Avon, $7.99, ISBN 0-380-81480-3
Historical Romance, 2003 (Reissue)
It seems as if Johanna Lindsey has decided to give the Avon editors a perfect goodbye present for her unceremonious ditching by the publisher: a book of pure excretable worth. And as usual, they pass the bucket of poo to the readers and charge $7.99 for it – if you aren’t that much of a lollipopper to pay for the hardcover edition in the first place.
Melissa MacGregor, the daughter/niece of what seems like every hero the author has written before, is a spineless dolt who accidentally marries her family’s enemy Lincoln Ross. He is the enemy because he has angered sixteen of Melissa’s uncles, these same uncles who chase off every suitor of Mel because they find these men not worthy. I wonder if this is a Highland thing. I wonder how many dead bodies they keep in the underground larder.
There isn’t much of a plot here as much as the author throwing as many injokes as she can to thrill her fans who have read most of her backlist. There are many men behaving badly too – throwing punches and getting drunk seem to be the only way they can kick their braincells into some semblance of minimal activity. Mel doesn’t know anything and wanders around the story like a trainwreck searching for a clue. Lincoln, like all the men here, behave like overgrown ten-year-olds that break things and shout rowdy things. In this case, love is a soccer game populated by hooligan fans.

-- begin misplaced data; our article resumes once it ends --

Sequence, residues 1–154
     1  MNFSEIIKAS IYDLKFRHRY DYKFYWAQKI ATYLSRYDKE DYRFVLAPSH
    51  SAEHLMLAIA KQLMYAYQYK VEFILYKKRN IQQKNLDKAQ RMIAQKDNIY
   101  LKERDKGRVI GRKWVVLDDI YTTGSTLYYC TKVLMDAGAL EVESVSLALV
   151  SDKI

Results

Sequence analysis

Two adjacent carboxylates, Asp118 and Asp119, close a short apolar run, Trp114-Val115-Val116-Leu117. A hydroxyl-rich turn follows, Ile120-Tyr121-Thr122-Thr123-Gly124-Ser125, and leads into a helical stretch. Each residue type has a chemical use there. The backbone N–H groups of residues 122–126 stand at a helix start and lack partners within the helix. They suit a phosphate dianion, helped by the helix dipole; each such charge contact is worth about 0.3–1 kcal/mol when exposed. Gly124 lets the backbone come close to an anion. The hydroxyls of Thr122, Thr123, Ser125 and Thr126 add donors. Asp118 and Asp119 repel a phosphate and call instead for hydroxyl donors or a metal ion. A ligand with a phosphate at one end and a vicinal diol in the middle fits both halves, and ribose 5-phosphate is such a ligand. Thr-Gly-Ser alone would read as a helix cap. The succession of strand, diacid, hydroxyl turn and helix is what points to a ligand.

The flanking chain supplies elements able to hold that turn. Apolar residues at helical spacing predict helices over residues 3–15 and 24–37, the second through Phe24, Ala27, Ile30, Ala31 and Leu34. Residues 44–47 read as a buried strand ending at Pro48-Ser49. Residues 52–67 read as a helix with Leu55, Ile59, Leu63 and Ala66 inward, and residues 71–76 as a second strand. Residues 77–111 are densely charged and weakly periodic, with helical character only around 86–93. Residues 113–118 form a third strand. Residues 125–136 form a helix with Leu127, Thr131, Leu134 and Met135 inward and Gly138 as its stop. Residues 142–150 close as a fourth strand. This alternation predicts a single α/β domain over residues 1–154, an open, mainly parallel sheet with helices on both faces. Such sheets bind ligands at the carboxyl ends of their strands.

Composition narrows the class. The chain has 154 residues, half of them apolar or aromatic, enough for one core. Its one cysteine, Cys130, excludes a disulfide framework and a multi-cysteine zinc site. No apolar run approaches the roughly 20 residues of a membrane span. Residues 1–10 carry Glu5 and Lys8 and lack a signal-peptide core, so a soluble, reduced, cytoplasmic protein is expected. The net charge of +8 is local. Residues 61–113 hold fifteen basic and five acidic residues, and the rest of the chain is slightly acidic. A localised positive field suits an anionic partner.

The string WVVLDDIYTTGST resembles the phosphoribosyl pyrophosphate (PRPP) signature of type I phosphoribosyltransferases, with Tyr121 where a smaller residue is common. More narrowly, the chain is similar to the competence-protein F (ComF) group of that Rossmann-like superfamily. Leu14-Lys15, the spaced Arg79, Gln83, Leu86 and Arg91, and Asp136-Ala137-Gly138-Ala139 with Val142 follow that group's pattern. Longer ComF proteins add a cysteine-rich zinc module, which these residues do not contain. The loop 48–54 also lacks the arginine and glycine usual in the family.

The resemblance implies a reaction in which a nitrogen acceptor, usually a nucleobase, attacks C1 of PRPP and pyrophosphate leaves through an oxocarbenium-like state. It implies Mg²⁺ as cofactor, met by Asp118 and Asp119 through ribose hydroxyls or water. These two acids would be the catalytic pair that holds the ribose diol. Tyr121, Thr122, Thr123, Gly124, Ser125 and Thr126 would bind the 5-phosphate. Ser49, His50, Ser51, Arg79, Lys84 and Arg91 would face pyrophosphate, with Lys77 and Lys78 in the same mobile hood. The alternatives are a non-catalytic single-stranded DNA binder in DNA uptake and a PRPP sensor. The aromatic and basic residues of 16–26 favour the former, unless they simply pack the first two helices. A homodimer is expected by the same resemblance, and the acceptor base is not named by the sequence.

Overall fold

I don’t enjoy this book at all. If it’s not a tedious series of unfunny anecdotes starring a cast of million superfluous secondary characters, it’s an overlong series of little spats and loud noises that could have been solved if they have spent ten minutes to just talk over things a little. The Pursuit may describe the id vacuum that is sucking this author in, and let’s just hope she finds some sort of new muse now that she’s at Pocket.
Loves boys that sparkle, unicorns, money, Lego, chocolates, tasty buffets, video game music, and fantastical stories.